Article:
And the stuff about the hammers....you guys are hardier than I! It can be frickin' cold out there crawling around with a hammer!!

I'd think I'd rather face the scowls of my neighbors and the jibes of my friends than do that! HAHA!

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I would just run them over with the car. That frees them up pretty good.:giggle:

Laughing out loud!

I did lose one this year, though. Apparently my husband thought it would be a good idea to shovel the snow off a snowman's hat, and the shovel cracked his whole head. Not my husbands....although I was tempted to do that! But the snowman's head. It was my oldest one, too...got it in 1992 when we bought our first house :(

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Laughing out loud!

I did lose one this year, though. Apparently my husband thought it would be a good idea to shovel the snow off a snowman's hat, and the shovel cracked his whole head. Not my husbands....although I was tempted to do that! But the snowman's head. It was my oldest one, too...got it in 1992 when we bought our first house :(

You must have wanted to kill him. I still have some blowmolds from when my kids were very young, mid 80's. I haven't used them in a few years but I still keep them.

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Judy, parts of my display are still up..so don't feel like you're alone. There is just too much snow and ice to do anything about it..

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Judy, parts of my display are still up..so don't feel like you're alone. There is just too much snow and ice to do anything about it..

Thank you, Carrie. I'm glad I'm not the only one!!

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Judy, parts of my display are still up..so don't feel like you're alone. There is just too much snow and ice to do anything about it..

slacker..........

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And the stuff about the hammers....you guys are hardier than I! It can be frickin' cold out there crawling around with a hammer!!

I'd think I'd rather face the scowls of my neighbors and the jibes of my friends than do that! HAHA!

I've torn down in -5 to -10 temps before. I'm really anal about getting the visible stuff down ASAP. This year I had to gulp really hard and leave more stuff out than I'm happy with, but you still wouldn't know we had a "big" display just by driving by right now...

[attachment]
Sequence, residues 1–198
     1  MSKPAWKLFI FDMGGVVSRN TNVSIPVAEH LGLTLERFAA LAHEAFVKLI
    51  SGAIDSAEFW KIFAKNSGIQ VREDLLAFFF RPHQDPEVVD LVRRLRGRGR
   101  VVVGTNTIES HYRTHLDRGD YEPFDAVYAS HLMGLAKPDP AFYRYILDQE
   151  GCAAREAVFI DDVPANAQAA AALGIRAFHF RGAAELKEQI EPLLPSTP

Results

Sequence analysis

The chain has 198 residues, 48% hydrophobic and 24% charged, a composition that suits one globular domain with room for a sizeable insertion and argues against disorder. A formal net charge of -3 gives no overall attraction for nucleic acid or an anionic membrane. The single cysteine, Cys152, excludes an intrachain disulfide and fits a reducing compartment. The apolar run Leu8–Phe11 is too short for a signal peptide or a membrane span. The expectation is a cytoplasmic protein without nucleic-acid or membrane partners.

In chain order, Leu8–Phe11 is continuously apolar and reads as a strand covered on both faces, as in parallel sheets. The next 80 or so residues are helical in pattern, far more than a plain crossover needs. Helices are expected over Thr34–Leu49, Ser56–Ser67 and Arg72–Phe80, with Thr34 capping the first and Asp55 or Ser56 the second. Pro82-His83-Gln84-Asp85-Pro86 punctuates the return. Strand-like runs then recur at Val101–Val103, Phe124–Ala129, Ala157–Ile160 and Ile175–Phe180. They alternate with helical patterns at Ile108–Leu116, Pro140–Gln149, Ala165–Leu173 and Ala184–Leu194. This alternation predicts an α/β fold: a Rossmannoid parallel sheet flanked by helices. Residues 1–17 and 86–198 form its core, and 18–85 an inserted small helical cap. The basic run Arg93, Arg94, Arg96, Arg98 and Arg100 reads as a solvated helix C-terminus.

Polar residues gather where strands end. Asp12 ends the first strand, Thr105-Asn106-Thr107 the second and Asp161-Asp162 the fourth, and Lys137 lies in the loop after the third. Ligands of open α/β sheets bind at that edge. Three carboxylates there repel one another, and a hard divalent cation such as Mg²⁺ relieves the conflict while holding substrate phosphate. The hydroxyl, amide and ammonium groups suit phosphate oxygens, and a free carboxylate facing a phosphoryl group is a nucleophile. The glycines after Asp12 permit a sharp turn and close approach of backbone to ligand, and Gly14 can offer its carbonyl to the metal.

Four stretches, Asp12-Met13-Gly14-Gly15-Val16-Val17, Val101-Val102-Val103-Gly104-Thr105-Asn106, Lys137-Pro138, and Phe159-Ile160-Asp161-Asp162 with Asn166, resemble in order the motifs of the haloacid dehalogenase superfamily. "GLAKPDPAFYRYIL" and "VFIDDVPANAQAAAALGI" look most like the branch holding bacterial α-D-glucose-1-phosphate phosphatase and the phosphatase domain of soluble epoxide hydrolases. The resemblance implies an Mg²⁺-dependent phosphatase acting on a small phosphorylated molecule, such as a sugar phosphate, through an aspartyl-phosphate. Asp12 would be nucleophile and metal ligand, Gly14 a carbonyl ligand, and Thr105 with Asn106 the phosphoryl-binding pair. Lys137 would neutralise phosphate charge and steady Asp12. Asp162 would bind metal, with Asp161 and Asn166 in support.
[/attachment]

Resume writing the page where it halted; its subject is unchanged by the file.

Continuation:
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Okay Dan in NJ..you must have snow there. How do you get your stuff out of the snow and ice???

I was lucky enough to get everything in before it snowed! Lucky, lucky...

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slacker..........

My husband refuses to hold the ladder! He won't let me do the roof because there is so much ice and snow up there..so its not my fault!

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I've torn down in -5 to -10 temps before. I'm really anal about getting the visible stuff down ASAP. This year I had to gulp really hard and leave more stuff out than I'm happy with, but you still wouldn't know we had a "big" display just by driving by right now...

Only one of the many things that you are "anal" about.

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Gee wonder why.......?

Hey now..Dan, my toe is still broken (although its healing very nicely) so there was payback! :giggle:

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Hey now...this is getting a little nasty!! I didn't start this thread to be nasty!! And Chuck isn't even here!!

No no, Judy, Dan and I are friends..we're just kidding each other. When I was putting up the display this year, my husband was holding the ladder for me. Long story short, he broke his toe and it was "my fault" because I'm the one that does the display.

We tease and kid each other all the time.

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Hey now...this is getting a little nasty!! I didn't start this thread to be nasty!! And Chuck isn't even here!!

No it's not. Just a little inside fun. :giggle:

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You're all slackers. My display is torn down and put in storage until next year. Jeesh bunch of slackers. :P:p:p:giggle:

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Hey now...this is getting a little nasty!! I didn't start this thread to be nasty!! And Chuck isn't even here!!

Don't worry Judy. Carrie, Tim and I are all close friends, and we can even stomache Dano a little bit.

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Judy I use hot water in a watering can. If the mold is stuck to the ground pour water around the outside and it will flow down and melt the ice holding it down. Then do the wire the same way slowly pull up the wire as you melt winters icy grasp.

I will also state that if you display is like Carrie's with a few hundred molds your going to use a ton of hot water!!:P;)

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Gary, does the hot water affect your grass in the spring at all?

I'm always shocked how much thermal mass ice has. I've taken a propane torch to an icicle before -- doesn't even dent it.

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I would use a very large snowblower for frozen blowmold removal...But I do see a car was suggested which would work equally as well...